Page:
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The level of occupied office space in the city of Calgary has climbed back to what it was in 2008, according to recent research.
Currently occupied office space in the city stands at 33.7 million square feet, according to a new report by Colliers International.
This brings the city back to levels last seen in the second quarter of 2008 when the real estate market was at an all-time high.
The first three months of this year saw the overall vacancy rate drop one percentage point to 10.92 percent. This equates to approximately 393,000 square feet of positive absorption.
Recently the city saw the completion of the 1.1 million square foot Eighth Avenue Place. The building is now 88 percent leased.
The report stated: “Much like in the latter half of 2010, oilsands companies continued to grow, with numerous new projects on the horizon creating additional office space requirements.
“Most of the activity can be attributed to the strong oil prices and resultant higher levels of activity in the sector.”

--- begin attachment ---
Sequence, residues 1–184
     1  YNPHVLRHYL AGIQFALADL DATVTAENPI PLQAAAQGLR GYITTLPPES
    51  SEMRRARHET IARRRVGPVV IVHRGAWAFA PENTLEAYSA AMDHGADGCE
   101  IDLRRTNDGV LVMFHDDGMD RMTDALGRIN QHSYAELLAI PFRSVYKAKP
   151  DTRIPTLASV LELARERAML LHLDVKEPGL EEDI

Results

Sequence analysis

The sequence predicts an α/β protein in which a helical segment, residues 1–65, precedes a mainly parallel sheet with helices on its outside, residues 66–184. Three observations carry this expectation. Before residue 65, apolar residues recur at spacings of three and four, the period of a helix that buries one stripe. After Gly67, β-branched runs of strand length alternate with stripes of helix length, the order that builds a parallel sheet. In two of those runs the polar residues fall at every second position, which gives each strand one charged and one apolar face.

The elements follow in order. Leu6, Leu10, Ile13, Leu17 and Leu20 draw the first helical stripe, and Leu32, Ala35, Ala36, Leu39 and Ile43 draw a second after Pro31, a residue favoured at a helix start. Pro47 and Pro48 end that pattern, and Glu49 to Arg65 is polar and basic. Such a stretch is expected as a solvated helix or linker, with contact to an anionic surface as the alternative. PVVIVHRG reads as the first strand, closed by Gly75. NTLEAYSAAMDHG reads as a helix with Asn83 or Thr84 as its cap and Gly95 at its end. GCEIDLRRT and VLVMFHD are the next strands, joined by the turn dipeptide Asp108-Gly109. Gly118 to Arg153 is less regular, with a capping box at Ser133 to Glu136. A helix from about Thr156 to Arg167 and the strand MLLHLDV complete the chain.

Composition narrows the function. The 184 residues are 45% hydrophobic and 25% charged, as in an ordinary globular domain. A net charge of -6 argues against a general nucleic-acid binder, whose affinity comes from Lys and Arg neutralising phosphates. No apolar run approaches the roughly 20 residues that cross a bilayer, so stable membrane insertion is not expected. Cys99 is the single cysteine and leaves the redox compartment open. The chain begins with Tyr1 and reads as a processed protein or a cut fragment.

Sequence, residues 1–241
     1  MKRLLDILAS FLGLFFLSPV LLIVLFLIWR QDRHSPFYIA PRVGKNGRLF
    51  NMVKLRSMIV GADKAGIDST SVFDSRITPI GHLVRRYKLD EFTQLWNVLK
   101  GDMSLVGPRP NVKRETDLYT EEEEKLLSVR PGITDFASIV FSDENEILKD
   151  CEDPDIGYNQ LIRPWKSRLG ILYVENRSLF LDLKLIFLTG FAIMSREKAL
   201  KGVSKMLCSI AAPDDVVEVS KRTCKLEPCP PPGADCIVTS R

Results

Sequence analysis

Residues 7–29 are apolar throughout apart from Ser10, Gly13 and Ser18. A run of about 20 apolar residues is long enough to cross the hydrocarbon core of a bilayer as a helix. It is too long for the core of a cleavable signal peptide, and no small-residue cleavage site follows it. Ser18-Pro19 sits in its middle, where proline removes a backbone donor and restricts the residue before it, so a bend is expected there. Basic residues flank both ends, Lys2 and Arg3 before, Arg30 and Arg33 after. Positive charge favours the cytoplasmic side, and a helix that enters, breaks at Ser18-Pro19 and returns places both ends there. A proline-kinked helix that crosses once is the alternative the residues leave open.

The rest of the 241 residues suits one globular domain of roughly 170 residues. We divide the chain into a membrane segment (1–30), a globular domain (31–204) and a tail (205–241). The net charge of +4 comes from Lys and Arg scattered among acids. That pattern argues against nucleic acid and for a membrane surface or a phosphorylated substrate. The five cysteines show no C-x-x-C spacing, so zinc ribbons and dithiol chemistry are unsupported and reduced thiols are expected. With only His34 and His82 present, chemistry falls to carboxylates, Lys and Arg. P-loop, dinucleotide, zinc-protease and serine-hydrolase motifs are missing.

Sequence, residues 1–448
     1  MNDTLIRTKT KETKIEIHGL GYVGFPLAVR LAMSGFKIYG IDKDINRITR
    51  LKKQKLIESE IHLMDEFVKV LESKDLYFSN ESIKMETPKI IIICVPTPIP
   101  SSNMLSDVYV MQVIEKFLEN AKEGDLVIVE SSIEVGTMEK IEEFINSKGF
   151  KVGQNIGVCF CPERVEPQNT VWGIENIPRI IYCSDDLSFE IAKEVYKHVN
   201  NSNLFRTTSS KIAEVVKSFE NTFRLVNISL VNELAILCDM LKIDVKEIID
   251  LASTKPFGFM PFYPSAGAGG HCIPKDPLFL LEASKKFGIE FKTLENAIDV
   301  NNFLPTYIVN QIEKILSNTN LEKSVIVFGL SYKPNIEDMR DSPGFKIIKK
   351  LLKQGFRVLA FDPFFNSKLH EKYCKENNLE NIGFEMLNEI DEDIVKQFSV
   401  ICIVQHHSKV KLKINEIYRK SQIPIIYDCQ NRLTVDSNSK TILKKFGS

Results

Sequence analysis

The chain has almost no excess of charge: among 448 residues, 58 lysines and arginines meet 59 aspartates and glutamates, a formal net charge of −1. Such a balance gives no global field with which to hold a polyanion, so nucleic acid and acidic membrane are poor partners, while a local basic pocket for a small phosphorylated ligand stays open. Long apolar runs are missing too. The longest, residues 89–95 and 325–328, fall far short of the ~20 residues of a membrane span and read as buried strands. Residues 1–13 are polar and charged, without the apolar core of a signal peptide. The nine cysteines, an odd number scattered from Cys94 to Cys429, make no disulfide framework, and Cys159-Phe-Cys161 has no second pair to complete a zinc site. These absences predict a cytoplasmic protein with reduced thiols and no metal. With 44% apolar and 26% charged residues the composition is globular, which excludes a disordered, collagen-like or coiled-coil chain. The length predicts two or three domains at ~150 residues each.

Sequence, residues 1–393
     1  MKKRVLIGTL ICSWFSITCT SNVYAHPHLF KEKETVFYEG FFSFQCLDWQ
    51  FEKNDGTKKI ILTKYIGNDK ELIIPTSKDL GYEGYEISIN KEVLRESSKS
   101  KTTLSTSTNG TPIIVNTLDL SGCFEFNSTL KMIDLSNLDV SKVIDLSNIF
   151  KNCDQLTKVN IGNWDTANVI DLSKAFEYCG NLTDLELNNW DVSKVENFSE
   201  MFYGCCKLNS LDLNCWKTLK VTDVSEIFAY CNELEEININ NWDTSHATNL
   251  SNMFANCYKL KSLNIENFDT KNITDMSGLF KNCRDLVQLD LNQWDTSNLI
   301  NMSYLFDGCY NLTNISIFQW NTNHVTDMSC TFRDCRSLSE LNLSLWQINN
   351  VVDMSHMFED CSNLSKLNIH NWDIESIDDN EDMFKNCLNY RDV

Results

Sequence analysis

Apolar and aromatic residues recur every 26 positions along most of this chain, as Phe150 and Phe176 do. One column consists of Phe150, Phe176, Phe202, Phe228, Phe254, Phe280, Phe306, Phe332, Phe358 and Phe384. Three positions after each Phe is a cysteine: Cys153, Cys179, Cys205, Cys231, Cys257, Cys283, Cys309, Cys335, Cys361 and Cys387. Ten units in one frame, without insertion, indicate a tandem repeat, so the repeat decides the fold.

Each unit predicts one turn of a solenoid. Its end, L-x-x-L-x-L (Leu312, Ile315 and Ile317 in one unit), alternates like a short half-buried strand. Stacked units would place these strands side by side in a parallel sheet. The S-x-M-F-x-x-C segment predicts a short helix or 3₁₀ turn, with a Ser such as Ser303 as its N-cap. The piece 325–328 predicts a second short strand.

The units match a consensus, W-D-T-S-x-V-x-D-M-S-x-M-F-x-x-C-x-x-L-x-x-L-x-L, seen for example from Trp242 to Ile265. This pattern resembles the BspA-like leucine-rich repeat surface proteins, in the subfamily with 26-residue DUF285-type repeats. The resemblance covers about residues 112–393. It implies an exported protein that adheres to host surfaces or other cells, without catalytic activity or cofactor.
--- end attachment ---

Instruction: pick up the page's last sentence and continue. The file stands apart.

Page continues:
The report added: “With oil trading above USD100 a barrel, leasing activity in the Calgary downtown office market is expected to remain strong throughout 2011.”
With more oil companies taking on projects many more jobs will become available, recapturing many of those lost during the recession, the report also said.
Calgary became an oil boom-town in 1947 when massive reserves were found. When oil prices increased in 1973 the city’s economy grew rapidly. Between 1971 and 1980 the population of Calgary increased by a full 272,000 people. The next eighteen years after that saw the population swell by 345,000. This economic boom also saw skyscrapers built in what had once been low-rise downtown.
Until the end of 2008 the economy of Calgary was booming, though recently it has been affected by the economic slump.